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Significant Changes That Will Impact Canadian Private Foundations in 2023

Brad Jesson

Many wealthy Canadians create private foundations for the purpose of granting funds to charitable causes. Up until 2023, the amount a private foundation must distribute to charitable organizations each year has been a minimum 3.5% of its assets. For example, a private foundation with $5M in assets needed to disburse at least $175,000 per year on charitable activities.

Effective January 1, 2023, legislation has increased this minimum to 5% on assets above $1M. The same $5M charity will now need to spend $235,000 on charitable activities, which amounts to a 34% increase.

Impact on Charitable Sector

According to Imagine Canada, private foundations held about $81B of assets in 2020 and granted $3.2B – this amounts to around 4% (clearly some foundations were choosing to give out more than the minimum 3.5%). Using the same $81B figure, the new 5% minimum will lead to around $4B of annual spending on charitable activities, or an increase of around 25% or $800M per year.

The impact will be significant for larger foundations like the Mastercard Foundation – Canada’s largest foundation at around $40B – which will likely need to grant hundreds of millions more per year to meet the new minimum. There are countless of charities that will benefit from change in the years to come – and hopefully we can see meaningful progress on some of the most pressing issues facing society.

Is the Change Sustainable?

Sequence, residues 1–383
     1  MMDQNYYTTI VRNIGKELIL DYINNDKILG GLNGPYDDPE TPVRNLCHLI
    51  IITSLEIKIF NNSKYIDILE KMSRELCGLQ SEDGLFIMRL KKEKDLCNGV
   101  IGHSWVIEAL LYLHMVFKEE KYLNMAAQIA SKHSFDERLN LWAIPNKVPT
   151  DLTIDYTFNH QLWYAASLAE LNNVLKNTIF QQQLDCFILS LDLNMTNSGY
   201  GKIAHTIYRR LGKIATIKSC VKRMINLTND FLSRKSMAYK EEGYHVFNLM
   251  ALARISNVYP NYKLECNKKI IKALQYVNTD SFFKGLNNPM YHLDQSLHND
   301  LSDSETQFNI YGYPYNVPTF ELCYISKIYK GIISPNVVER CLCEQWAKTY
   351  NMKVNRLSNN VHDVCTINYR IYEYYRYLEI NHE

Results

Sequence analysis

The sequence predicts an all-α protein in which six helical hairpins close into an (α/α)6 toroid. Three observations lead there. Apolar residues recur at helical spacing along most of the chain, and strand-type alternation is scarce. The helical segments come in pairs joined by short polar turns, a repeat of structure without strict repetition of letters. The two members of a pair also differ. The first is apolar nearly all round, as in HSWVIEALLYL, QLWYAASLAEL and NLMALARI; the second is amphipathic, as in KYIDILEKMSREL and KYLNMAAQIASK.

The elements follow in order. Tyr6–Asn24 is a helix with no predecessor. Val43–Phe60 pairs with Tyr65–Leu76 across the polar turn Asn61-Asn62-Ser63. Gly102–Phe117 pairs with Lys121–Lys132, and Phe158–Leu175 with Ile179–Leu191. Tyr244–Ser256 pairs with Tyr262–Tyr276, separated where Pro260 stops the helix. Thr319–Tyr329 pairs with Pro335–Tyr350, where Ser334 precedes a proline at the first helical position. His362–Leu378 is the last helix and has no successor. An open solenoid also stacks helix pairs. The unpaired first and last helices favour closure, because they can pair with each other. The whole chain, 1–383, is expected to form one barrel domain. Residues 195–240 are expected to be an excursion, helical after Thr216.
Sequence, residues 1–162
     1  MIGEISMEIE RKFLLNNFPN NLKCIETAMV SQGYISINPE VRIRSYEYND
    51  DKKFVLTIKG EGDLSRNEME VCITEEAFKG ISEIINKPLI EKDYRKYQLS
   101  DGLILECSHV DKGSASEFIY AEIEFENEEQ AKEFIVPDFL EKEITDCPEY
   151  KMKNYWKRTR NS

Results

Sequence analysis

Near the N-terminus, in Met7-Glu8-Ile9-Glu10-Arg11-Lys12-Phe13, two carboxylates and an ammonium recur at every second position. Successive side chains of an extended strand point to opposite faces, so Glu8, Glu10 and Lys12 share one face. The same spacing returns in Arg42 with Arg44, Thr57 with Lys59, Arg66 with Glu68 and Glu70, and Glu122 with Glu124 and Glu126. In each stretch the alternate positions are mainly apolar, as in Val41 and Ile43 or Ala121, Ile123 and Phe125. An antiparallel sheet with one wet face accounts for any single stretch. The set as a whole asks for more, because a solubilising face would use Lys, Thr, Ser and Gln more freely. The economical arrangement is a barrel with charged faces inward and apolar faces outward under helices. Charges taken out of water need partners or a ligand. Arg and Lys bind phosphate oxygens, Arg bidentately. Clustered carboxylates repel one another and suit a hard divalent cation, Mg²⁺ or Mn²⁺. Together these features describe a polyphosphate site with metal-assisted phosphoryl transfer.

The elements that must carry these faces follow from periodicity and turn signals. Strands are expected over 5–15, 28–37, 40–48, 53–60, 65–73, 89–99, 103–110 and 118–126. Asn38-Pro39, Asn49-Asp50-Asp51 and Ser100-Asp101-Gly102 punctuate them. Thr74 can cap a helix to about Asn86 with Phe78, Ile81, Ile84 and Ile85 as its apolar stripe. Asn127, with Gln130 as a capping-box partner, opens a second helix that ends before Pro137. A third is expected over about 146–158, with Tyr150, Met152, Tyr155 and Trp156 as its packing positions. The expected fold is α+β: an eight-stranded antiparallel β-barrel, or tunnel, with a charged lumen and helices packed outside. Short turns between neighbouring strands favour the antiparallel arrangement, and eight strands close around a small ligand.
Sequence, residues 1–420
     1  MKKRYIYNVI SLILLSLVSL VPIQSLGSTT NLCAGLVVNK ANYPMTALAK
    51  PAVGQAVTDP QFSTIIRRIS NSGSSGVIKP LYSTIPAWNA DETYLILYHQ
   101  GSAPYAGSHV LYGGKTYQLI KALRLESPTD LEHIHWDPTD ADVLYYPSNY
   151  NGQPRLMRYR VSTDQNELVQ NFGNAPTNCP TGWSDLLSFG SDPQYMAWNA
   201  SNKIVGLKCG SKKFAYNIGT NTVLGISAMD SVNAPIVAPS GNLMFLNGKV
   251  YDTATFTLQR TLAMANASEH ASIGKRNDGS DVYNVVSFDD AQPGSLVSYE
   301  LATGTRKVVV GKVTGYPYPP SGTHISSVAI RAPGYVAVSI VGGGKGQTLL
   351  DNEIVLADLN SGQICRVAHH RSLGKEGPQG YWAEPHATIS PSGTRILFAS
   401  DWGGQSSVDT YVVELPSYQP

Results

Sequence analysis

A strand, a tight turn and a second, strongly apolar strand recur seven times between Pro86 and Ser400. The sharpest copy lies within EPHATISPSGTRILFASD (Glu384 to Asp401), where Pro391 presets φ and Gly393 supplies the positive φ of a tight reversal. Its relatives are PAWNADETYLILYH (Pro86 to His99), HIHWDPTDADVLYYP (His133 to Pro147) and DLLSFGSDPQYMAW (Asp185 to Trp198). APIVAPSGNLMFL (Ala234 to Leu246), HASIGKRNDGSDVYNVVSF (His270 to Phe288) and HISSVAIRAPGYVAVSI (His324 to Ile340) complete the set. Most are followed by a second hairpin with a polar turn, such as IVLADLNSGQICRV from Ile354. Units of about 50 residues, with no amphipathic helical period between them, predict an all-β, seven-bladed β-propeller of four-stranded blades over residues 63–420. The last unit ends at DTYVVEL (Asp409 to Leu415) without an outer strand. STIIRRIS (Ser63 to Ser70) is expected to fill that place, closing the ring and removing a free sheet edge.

But what about the foundations? We are coming off a period of significantly declining interest rates which propelled investment returns over the last 15 years. Many foundations have been able to continue to grow their asset base while granting 3.5% per year. However, in a higher/ rising interest rate environment where interest rates are not always going down and potentially lower asset returns across the board, it may be harder for foundations to meet these goals. We are also facing a higher inflation environment than we have in the past 15 years which erodes the spending power of foundations.

Even if investment returns stay attractive and inflation abates, some foundations may find themselves in a different position over the coming years. Here’s an illustrative example:

A foundation may have had an annual surplus of 2.5% over the last 15 years, and been able to continue to grow its assets, or support increased donations/grants to keep up with inflation. This may become more challenging in a new investing environment where investment returns are not propelled by interest rates, and foundations have declining purchasing power with high inflation.

Planning for an Uncertain Future

The legislation to increase the minimum to 5% intends to get more money into the hands of charities and it will no doubt achieve that goal in the short term. The question is whether this is sustainable over the long term. In this very uncertain world, it will become even more important for private foundations to plan for various scenarios to understand the potential impact over the long term. We have reviewed these changes with our foundation clients and suggest that every private foundation in Canada with assets above $1M should be evaluate their cash flow projections, asset mix and donation plans as well.


Brad Jesson

Brad is a member of Northwood’s family office advisory group, working with families in the areas of goals based financial planning, investment management, tax planning, and next-generation education. In addition to his work with families, Brad is actively involved with Northwood next generation education and regularly contributes to Northwood's Thought Leadership Newsletter.

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